– Does it take a lot of your time collecting the data’s from the training and analyzing it?
-Yes, it does. This is because my whole training system is based on this. Now that GPS is a part of Polars heart rate monitor- system, it is possible to evaluate every step a horse takes during a training pass. As this training control system is something I believe in, I don’t mind using time exploring the possibilities the system gives me. As a matter of fact, the potential that goes along with the GPS HR- monitor makes it almost addicting to work with, Haugen laughs.
– At the same time, I have to say one don’t have to spend all the time that I do to improve a horse. Being in control of your horse’s training and health is the bottom line here. Is it hard to learn how to use a heart rate monitor on horses?
Definitely not. Several years ago, the equipment was a bit troublesome to use, especially because of the wire, but today’s equipment is wireless and can be put on the horse within seconds, and it’s very accurate. My employees find the heart rate monitor very easy to use in the daily training, Haugen says.
Decides heartrate zones before workouts – How would it be, do you think, to go back to training horses without using the heart rate monitor-system?– The training jockeys at the stable are taught to make the horses stay at a specific pulse during a workout. I decide the pulse level for each horse in advance, and it’s very important that my employees follow my directions as precise as possible. To inspire them to do so, I have introduced “Watch of the Month”, meaning the jockey that has stayed closest to the right heart rate during a month is rewarded, Rune Haugen explains. This man certainly seems to be in control of every detail of his horses` routines.
– Impossible! Haugen says without hesitation.
– Simply because being in control of my horses` training gives me the inspiration and joy I need to put a full effort into my work. Another aspect by using a heart rate monitor is that it gives me an indication on which horses to train together. If I have a two-year-old with a very high capacity, this horse won’t develop optimally if trained among other horses at the same age with lower capacity. This horse can be trained with the tree-year-old horses, but if so, it is extremely important to monitor the training so the horse isn’t trained too hard for his age and ability. Training harder than a horse is ready for, means asking for injuries to pop up, Haugen says while almost pushing his teacup off the table by his eager gesticulation.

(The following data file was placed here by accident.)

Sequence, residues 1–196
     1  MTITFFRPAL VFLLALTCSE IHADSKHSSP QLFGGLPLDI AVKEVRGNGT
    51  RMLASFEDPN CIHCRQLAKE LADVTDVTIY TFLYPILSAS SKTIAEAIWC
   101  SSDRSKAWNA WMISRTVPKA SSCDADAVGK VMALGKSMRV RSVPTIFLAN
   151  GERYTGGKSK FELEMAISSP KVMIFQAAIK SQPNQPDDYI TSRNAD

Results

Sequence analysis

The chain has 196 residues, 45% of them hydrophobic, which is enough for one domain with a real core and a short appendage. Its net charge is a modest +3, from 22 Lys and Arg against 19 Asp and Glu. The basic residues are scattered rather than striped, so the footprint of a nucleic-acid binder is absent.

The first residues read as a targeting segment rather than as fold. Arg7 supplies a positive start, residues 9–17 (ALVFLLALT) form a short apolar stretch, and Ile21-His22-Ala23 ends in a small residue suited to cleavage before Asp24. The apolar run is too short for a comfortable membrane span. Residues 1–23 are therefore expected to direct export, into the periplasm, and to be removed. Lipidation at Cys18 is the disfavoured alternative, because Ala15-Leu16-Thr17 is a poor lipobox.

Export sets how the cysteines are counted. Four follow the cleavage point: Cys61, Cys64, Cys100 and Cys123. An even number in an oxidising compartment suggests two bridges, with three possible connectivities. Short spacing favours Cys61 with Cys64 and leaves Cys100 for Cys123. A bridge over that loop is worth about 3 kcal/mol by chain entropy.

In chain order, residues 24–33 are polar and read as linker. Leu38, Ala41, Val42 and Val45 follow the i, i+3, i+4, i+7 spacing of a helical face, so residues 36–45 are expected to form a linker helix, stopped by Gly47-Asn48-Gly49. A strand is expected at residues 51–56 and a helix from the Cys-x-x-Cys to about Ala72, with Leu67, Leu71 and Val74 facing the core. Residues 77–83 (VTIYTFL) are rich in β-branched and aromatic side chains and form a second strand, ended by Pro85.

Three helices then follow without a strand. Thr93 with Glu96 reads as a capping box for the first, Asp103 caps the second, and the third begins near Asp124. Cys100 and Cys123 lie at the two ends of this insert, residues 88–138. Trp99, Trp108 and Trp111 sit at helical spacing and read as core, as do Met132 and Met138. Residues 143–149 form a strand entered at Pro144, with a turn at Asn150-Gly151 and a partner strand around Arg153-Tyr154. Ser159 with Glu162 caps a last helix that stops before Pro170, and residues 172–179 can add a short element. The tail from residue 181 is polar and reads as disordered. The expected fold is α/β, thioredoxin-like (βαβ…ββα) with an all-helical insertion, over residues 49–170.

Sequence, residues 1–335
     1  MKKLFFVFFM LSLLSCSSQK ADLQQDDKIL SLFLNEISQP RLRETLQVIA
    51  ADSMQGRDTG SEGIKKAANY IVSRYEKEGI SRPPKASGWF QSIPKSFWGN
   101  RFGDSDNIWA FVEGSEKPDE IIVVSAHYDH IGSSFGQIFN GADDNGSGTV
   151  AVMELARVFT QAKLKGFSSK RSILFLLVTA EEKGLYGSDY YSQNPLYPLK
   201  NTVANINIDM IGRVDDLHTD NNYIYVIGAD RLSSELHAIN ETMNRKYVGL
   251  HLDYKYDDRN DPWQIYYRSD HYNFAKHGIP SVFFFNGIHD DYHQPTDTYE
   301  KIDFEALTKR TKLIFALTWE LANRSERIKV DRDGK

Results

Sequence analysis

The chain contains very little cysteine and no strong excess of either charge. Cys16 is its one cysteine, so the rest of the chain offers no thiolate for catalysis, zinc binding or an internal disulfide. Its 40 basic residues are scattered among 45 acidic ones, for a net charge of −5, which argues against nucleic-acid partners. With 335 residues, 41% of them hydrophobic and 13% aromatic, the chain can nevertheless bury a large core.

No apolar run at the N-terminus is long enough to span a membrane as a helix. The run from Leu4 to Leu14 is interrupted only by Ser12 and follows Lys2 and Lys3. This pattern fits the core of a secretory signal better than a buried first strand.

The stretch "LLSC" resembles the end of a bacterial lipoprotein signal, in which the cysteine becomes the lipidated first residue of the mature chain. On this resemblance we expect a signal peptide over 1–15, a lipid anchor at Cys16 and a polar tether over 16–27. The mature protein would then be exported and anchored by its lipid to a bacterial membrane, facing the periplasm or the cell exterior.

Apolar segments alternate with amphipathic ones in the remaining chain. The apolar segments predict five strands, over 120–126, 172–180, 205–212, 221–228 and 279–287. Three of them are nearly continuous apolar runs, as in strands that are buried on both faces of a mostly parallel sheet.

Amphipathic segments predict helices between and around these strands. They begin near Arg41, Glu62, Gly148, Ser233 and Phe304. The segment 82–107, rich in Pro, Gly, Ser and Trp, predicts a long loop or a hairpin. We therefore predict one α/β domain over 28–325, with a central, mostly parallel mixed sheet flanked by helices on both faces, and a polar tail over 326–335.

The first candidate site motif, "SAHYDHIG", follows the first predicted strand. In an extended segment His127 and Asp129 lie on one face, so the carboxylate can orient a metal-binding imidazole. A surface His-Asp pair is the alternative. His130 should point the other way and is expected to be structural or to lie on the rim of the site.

No tendon injuries

 – Speaking of injuries, training- induced injuries are a common problem among sport horses. Often the injuries are career-ruining. What’s your experience on this?

-As mentioned, the owners of this training camp used to have a lot of injuries on their horses. After the introduction of monitored training, no horse has pulled a tendon. Optimal doses of training makes sure the horse’s body isn’t overstrained, but at the same time the horses have to train hard enough to be fit for the tough races they are competing in. I know I am repeating myself, but “controlled training” is the key word even here.

– You make it sound so easy. But a heart rate monitor itself can hardly make you a top trainer?

– Of course “feeling” and horse experience means a lot too. But honestly, I don’t see why using training aids like HR monitors makes any horse trainer less of a horseman. A combination of experience and new technology seems like a good combination to me, Haugen says and smiles.
– What are your goals for the future, Rune Haugen?
– I’ve made it to the very top in Scandinavia. I’ve raced horses internationally too, with good results. My specific goal is to win a prestigious international race in France or England. With my top training system, top training camp and with owners that buy top young horses, I don’t see why I wouldn’t achieve my goal within a few years.
EDIT: How about Dubai  in 2014 Rune?
avonpearl
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About bpressey

Equine Exercise Physiologist

Posted on February 24, 2014, in Uncategorized. Bookmark the permalink. 3 Comments.

  1. I’m sure it was an oversight that Pat Dobbs wasn’t noted as the jockey. Saved every inch possible.

  2. That’s a good point about the jockey, it was a spare ride also. Interesting that the front 3 home covered the least amount of ground in the race. The trakus technology is great for punters.

    http://www.dubairacingclub.com/race/racing-info/trakus-chart

    • thanks for the link, Liam! Imagine how much more powerful this data could be if it included HR before/during/after the race! Not only could one quantify work done via distance traveled and average speed, but also objectively note the metabolic COST of that workload. I didn’t omit Mr. Dobbs great ride on purpose, I was merely focusing on the methods of the trainer.